Summary - Basic System


  • Examining the performance of the drivers in a baffle provides useful information about its fundamental performance - this may generate comparative information for benchmarking or some QC function
  • Putting the driver into the headphone assembly alters the performance dramatically and forces us to think about how the driver contributes to performance differently to the infinitely baffled state, which is more relevant to direct radiator loudspeakers
  • In a closed back headphone, thinking simply, the driver is interspersed between a sealed front volume and a sealed rear volume.  The sound pressure is determined not by the volume acceleration supplied by the driver diaphragm, but by its volume displacement.  This means that sampling pressure in the front acoustic volume (where the ear goes), we can see that the bass efficiency is high because the sound waves are not radiated away into free space, but contained within this front volume.  Without leaks, this efficiency continues down to DC (0Hz)
  • The following models also illustrate the use of volume absorbency models to simulate damping in the frame vents and leaks
  • The volume of the front enclosure space where the ear sits is inversely proportional to bass efficiency.  The shape of this volume (round, elliptical or other) determines the density and distribution of resonances at higher frequencies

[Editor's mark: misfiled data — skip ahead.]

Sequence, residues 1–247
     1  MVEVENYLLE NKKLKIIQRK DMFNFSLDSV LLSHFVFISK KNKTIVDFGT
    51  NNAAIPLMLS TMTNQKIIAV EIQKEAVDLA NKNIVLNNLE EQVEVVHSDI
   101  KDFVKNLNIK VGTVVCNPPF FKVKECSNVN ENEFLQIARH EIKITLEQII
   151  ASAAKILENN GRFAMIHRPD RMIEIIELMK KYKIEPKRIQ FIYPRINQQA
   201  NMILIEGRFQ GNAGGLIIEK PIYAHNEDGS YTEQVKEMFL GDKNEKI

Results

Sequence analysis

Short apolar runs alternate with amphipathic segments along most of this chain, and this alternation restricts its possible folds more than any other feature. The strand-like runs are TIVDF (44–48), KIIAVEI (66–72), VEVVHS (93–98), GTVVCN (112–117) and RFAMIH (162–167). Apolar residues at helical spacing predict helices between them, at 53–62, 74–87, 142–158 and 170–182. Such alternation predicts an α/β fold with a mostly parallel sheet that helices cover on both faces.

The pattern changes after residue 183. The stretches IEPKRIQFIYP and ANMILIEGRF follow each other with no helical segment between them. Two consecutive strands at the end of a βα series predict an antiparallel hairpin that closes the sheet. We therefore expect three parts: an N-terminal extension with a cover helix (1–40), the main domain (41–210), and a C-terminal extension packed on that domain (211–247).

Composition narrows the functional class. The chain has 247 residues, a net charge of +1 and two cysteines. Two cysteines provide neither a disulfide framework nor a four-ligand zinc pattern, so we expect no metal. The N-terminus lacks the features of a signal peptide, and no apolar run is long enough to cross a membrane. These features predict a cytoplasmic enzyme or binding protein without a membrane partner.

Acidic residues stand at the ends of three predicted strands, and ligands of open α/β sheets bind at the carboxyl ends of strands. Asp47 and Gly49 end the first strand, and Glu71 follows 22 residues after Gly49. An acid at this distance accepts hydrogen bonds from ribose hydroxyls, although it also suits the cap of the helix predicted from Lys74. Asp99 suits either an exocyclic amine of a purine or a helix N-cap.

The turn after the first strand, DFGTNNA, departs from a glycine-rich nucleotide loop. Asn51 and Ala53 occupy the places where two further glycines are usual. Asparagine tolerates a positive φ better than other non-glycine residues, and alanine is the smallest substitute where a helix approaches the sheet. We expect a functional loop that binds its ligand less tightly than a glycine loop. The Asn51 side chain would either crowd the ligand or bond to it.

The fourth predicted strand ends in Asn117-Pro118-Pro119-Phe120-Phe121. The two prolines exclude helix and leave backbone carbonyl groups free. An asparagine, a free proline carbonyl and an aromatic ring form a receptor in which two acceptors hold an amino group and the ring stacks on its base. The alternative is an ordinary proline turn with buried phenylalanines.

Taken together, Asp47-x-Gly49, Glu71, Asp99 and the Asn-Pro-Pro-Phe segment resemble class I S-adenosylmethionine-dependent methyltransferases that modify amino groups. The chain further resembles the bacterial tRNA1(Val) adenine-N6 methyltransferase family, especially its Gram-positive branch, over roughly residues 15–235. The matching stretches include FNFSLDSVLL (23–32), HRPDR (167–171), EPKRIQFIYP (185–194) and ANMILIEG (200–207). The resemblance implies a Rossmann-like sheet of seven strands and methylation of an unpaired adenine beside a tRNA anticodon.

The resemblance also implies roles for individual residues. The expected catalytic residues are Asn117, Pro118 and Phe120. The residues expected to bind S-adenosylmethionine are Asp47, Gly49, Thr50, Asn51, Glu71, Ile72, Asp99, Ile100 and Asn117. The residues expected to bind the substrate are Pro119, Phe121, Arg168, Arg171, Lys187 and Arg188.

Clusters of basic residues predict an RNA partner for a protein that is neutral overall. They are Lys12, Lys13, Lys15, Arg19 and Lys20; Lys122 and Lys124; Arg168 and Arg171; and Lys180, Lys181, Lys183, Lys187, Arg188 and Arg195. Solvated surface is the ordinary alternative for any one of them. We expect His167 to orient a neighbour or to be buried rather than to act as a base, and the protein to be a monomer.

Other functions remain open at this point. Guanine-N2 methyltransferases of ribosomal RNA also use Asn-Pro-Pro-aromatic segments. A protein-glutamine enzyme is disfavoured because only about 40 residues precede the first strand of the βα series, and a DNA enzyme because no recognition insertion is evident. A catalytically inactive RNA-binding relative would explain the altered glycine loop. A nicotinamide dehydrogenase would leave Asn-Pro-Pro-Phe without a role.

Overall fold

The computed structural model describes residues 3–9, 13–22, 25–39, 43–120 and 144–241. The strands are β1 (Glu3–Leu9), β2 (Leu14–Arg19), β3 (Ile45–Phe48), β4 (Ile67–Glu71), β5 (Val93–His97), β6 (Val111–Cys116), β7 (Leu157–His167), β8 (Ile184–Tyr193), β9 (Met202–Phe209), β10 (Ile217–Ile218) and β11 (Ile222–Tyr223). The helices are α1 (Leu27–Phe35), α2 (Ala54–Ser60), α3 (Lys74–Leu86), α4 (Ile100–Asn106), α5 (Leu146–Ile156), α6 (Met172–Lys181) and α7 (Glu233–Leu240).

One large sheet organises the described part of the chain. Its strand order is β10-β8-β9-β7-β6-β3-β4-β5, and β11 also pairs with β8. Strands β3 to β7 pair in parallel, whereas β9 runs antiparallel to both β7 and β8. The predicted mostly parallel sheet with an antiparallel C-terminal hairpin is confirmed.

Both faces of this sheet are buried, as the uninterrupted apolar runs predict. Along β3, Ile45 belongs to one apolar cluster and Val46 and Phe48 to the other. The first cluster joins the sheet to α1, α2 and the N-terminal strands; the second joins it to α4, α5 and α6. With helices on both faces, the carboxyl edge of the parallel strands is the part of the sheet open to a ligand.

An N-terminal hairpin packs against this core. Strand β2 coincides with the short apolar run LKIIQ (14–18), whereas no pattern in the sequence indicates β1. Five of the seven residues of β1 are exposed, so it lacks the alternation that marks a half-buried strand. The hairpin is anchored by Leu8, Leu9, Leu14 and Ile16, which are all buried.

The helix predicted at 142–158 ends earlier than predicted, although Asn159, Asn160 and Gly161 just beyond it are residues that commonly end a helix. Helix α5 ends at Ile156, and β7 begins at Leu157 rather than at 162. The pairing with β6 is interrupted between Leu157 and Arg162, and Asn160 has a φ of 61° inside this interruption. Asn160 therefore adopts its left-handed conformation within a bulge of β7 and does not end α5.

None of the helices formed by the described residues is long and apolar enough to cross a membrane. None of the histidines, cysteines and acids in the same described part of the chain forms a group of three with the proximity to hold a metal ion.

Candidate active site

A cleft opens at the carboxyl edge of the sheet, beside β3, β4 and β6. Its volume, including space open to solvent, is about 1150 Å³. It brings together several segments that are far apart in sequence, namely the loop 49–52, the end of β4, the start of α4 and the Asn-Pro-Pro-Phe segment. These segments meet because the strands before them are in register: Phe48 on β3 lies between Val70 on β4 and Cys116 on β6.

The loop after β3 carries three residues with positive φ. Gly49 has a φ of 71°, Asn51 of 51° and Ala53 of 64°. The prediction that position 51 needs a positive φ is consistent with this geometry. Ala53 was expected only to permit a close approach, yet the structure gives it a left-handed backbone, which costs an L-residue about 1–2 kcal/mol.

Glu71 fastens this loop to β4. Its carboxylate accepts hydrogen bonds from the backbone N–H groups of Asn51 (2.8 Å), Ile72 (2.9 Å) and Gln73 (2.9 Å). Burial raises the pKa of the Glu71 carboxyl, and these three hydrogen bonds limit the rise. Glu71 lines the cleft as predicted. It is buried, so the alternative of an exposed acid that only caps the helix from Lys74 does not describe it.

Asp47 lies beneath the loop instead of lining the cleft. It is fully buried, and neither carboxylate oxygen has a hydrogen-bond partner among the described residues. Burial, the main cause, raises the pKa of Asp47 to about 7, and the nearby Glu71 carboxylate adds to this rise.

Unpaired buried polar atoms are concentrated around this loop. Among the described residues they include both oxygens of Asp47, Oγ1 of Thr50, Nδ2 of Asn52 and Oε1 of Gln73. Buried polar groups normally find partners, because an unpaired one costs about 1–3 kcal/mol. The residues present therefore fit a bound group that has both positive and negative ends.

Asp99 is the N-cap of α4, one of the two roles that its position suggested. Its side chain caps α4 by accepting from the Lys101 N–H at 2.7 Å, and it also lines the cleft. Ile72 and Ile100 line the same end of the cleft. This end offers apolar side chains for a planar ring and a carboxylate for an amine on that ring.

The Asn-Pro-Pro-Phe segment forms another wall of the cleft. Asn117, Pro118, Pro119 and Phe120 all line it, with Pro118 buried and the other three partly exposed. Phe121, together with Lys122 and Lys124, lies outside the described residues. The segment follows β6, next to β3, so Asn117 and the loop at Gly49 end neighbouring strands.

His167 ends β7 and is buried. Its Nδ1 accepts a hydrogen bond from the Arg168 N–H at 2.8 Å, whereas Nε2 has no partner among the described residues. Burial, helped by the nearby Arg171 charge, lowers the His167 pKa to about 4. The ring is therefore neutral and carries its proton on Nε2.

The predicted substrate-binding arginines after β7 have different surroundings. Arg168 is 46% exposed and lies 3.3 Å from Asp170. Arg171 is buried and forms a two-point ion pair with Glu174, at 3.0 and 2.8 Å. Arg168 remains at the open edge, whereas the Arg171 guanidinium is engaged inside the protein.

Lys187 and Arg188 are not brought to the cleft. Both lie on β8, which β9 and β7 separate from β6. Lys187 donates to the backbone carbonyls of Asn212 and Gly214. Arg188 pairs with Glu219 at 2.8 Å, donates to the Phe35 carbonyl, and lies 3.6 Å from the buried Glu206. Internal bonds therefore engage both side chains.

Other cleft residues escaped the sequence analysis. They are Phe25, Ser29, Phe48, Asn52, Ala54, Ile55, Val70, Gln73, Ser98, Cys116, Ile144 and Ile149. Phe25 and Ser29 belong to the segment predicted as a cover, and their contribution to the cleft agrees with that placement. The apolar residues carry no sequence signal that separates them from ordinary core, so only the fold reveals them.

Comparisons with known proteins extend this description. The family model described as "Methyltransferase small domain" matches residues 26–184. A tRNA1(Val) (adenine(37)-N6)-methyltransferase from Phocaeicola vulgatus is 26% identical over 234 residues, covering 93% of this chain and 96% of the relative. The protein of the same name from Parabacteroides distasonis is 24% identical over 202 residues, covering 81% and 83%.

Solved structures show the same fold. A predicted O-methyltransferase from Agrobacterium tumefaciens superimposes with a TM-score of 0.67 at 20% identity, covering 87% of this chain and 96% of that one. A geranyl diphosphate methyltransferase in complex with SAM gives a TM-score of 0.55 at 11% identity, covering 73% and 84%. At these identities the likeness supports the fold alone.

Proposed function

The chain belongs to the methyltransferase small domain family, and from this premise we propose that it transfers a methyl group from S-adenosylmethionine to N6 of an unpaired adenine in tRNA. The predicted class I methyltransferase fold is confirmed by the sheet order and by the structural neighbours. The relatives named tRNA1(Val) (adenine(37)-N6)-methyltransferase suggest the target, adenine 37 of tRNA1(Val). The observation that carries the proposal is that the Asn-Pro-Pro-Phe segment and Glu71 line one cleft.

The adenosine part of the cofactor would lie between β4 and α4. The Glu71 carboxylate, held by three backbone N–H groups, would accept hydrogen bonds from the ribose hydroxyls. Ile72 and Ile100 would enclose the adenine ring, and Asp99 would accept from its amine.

• Looking independently at the influence of the front and rear enclosured volumes.  When a rear enclosure is added to the driver (radiating forwards into half space), the output is that of a 2nd order HPF where the resonance is significantly shifted higher due to the rear air acting mechanically as an "air spring".  Looking at adding only a front volume (and sampling SPL within this) with no rear enclosure, we see that again the additional stiffness of air due to the enclosed front volume raises the resonance, but this time the LF SPL is not diminished
  • The role of damping in the frame vents becomes clearer in the context of the full system.  Here it is observed that the bass port activates when frame vent damping is applied and if the front volume is leaky, a boost at ~60Hz can be seen in the frequency response.  This damping also reduces the quality factor of the driver resonance which in the system is at ~900Hz